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Friday, January 29, 2010

The Snake on the Pole

Read: John 3:14-18, Numbers 21:4-9

Not far from the famous Scripture, “For God so loved the world . . .” in John 3:16, we come upon another passage that is more cryptic: “Just as Moses lifted up the snake in the desert, so the Son of Man must be lifted up, that everyone who believes in him may have eternal life.” (John 3:14-15) What is this “lifted up snake” thing all about?

We find the answer back in Numbers chapter 21. The Israelites were wandering in the desert after the Exodus from Egypt and, as was often the case, they were mumbling and grumbling against God, complaining about how miserable their life was. They were sinful and disobedient (just as we often are). And God brought a well-deserved punishment on them: poisonous snakes that slithered through the camp biting the people. The snakebites were fatal.

The people begged Moses to intercede with God on their behalf, and he did so. God, in His endless mercy, provided salvation from the punishment for sin: a bronze snake was crafted and lifted up on a pole. The bronze snake cured the poisonous snakebites. There was just one catch: salvation was not automatic just because the snake was lifted up. Each individual had to choose to turn his head and look at the snake in order to be saved. Anyone who refused to do so would die.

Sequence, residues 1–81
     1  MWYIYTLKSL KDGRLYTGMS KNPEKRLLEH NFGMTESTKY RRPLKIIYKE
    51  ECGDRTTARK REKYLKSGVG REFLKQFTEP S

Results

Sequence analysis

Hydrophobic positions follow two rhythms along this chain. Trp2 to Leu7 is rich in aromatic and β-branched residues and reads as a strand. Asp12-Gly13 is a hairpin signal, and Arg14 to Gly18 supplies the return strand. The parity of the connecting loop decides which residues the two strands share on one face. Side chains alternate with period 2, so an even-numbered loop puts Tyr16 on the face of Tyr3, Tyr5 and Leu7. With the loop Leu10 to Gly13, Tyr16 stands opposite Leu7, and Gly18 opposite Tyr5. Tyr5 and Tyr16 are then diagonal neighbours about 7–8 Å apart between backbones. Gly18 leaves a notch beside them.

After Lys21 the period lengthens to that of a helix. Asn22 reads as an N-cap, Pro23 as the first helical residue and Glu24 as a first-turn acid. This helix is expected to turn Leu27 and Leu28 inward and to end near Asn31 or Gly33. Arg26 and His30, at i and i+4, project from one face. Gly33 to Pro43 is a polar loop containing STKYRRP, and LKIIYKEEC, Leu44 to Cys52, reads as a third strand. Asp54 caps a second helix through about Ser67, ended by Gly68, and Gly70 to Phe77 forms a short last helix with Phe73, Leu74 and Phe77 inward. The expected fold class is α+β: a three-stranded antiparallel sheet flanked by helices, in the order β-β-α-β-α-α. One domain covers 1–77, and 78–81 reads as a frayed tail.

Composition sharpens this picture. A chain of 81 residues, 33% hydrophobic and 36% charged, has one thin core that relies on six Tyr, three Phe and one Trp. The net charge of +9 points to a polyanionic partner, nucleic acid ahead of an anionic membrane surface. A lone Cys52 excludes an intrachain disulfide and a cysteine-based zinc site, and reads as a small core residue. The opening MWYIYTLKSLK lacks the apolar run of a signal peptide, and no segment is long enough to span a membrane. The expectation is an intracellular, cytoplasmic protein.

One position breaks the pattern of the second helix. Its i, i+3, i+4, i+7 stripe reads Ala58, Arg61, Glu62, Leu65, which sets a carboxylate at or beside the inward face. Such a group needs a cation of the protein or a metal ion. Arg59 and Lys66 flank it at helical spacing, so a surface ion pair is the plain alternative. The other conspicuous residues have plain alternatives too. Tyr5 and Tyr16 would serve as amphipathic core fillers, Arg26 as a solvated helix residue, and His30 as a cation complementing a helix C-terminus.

The interesting thing is that Jesus himself said that his crucifixion would be just like Moses lifting the snake on the pole. Just like the snake, God provided Jesus on the cross to take away the penalty for our sins. And just like the snake on the pole, this salvation is not automatic because of Jesus’ completed work. We have to “look at the snake.” We have to turn our eyes upon Jesus and accept by faith His free gift of salvation.

Scripture doesn’t tell us whether any of the Jews refused to look at the snake, and died instead. Maybe some of them said, “I just don’t believe in bronze snakes,” or “the snake may be right for you, but it’s not my truth.” Today, however, we live in the world in which millions of people choose not to look at Jesus on the cross and put their faith in Him.

Maybe there are one or two who need to hear your testimony today.

~ Prof. Brad Jacob, Regent University School of Law

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